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  • The description is vague not sure why you ware using different words in description like CamelCase camelCase camel_case
    If I didn't have the tests wouldn't be sure whether to make a method name in python which is snake_case.

    1. camelCase != UpperCamelCase or camelCase != PascalCase
    2. Too easy for 6 kyu IMO.
  • Updated the description

  • You will get the list with keywords

    It's not mentioned what to do when no arguments are passed. Apart from that, the expected result makes no sense: as words are surrounded by '' it's perfectly logical to assume that "''" represents a word of length 0 which is impossible.

  • I just checked and both Clang 3.6 and Clang 8 seem to work well - my solution works as expected, tests for Clang 8 print some compilation warnings but other than that, consistently pass. I did not check the code of tests, but since my expected-to-pass solution passes, I am rather inclined to think that your solution has some problems with memory management - do you return a free-able buffer every time?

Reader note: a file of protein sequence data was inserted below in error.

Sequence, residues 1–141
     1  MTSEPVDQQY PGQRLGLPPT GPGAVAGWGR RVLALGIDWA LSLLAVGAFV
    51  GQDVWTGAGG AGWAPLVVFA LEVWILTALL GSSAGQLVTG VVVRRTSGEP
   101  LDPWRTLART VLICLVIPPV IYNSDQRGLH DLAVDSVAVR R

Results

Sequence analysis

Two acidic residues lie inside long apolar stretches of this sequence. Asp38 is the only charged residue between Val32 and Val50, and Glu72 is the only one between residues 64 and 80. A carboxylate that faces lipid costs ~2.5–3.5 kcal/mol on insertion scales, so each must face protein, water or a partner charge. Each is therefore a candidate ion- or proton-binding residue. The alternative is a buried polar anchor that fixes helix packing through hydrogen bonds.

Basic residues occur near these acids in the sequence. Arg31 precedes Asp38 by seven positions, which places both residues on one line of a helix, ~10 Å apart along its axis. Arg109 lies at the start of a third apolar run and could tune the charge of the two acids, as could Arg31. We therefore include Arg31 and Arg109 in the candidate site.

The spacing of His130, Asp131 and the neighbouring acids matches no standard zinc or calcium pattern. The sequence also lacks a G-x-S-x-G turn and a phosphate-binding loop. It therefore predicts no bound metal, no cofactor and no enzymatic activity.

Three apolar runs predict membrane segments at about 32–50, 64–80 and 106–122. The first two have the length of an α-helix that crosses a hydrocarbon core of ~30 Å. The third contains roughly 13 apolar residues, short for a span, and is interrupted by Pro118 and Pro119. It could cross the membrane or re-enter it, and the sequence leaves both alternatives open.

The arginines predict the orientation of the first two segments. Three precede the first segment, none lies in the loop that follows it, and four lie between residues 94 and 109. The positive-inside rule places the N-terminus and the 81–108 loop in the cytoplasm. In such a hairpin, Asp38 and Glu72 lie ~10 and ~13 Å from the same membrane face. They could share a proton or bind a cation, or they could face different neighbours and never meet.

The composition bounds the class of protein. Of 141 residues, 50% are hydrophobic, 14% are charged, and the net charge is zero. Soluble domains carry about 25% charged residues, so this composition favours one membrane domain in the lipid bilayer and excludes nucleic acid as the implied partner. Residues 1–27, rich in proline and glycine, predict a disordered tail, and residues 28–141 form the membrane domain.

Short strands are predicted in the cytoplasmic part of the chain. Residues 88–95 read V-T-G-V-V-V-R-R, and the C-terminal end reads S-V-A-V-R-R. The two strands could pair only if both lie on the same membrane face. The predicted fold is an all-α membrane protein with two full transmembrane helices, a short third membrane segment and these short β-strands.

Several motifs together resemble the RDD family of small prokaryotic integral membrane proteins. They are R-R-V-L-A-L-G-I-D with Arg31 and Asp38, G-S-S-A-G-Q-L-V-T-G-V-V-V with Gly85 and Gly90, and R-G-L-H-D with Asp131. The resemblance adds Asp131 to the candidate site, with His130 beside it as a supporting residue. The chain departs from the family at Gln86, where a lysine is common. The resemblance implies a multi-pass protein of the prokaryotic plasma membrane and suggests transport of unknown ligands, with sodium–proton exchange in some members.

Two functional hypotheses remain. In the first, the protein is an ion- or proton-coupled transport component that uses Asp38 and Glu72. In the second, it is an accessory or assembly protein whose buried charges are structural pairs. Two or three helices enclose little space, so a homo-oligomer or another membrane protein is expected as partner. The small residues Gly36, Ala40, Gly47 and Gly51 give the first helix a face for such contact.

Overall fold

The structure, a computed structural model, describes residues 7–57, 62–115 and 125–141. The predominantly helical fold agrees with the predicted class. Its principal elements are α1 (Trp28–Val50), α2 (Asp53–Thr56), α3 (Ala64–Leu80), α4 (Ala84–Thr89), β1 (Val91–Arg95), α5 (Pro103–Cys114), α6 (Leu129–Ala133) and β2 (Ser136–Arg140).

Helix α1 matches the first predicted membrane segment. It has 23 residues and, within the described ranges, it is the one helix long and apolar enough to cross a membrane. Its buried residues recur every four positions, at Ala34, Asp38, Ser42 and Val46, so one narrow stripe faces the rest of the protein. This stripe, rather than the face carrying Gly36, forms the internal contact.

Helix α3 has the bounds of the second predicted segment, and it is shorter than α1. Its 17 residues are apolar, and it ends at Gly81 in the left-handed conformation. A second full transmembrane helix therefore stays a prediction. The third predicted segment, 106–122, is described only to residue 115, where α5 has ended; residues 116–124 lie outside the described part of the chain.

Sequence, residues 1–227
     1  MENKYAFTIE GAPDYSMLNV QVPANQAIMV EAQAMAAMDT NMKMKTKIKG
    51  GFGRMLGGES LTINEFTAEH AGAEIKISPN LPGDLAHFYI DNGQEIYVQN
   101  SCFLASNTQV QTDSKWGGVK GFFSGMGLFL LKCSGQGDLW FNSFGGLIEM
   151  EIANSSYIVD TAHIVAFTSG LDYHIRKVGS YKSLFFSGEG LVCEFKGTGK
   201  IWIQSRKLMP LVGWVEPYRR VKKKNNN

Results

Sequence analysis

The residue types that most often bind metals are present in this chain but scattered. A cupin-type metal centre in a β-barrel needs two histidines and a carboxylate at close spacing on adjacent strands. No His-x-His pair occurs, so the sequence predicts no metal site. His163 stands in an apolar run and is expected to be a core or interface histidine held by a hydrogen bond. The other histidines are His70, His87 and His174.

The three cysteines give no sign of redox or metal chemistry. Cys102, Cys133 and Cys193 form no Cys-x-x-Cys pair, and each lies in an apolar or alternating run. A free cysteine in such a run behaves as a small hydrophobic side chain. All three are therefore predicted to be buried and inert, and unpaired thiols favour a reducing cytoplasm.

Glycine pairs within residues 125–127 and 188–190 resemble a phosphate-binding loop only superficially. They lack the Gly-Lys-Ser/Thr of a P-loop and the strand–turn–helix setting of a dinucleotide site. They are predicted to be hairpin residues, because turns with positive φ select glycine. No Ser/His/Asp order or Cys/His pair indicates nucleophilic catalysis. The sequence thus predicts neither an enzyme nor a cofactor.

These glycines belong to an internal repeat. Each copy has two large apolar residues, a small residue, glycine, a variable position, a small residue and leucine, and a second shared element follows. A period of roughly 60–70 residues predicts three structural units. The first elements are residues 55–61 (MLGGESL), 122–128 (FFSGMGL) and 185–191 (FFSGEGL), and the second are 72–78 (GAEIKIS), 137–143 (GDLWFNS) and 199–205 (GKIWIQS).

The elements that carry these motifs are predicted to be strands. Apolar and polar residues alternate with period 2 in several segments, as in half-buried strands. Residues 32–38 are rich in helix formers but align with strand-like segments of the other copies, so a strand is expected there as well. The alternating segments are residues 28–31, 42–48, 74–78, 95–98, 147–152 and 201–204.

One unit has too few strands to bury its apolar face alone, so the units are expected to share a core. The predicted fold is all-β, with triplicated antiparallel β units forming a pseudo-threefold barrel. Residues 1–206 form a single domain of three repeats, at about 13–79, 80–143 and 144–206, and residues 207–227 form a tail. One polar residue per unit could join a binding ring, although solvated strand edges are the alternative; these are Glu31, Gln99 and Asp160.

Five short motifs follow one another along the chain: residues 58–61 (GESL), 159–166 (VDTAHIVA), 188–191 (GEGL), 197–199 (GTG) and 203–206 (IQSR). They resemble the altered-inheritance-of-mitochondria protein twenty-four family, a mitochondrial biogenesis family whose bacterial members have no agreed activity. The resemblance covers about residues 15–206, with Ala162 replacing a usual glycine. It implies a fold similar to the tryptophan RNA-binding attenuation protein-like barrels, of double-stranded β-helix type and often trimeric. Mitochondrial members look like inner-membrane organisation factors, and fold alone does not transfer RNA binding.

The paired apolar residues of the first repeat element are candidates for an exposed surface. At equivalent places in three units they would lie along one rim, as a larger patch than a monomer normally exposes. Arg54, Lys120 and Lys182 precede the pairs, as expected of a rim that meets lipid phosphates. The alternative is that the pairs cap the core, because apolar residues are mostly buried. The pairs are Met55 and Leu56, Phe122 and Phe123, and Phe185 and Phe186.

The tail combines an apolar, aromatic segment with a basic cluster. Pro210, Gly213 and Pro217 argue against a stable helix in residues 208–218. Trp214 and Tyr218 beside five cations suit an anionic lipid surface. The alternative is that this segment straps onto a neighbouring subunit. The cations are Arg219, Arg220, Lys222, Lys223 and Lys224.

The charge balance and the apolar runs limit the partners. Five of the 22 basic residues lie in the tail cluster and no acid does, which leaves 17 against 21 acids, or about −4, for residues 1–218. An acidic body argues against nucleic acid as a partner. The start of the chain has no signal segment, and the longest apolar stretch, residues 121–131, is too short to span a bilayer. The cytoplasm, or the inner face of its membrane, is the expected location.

If you still think that your solution is correct and should not be rejected, post it here (remember abour "spoiler" flag!) and someone will have a look at it.

  • In C the test is crazy, it is throwing a free exception randomly. I run the same source code many times and I got different Test results. The program was tested directly in the computer and it works and the memory check seems also fine.

  • The task doesn't ask for camel casing, it asks for pascal case.
    The task should be renamed to ease confusion.

  • Hi,

    I have the same problem and i don't know if we are missing something or if it is broken.

    No, it was my mistake, its not broken.

  • Thank you for the tip Chrono, I figured it out. On to the next challenge!

  • It's a problem with your code, check the error message: begin 0, end 1, length 0 find those numbers in your code, and add a control test to avoid it.

  • This comment is hidden because it contains spoiler information about the solution

  • I think I've found the cause of the weird behavior. Declaring your own capizalied method in a solution can mess up the tests.

    // extension String {
    // var capitalized: String { return "hey" }
    // }

  • Returning the input shows the expected result has all the initial letters of each word capitalized. Are you sure?

    Random Tests
    XCTAssertEqual failed: ("qixjchzvavcrjf  kpqkrymdjazny  zvwmhbic  mnerfq  eafzqa") is not equal to ("QixjchzvavcrjfKpqkrymdjaznyZvwmhbicMnerfqEafzqa") - Failed for input 'qixjchzvavcrjf  kpqkrymdjazny  zvwmhbic  mnerfq  eafzqa'
  • For swift this kata seems to be broken - basic tests are ok, but all random tests just capitalize the first word and ignore all the rest

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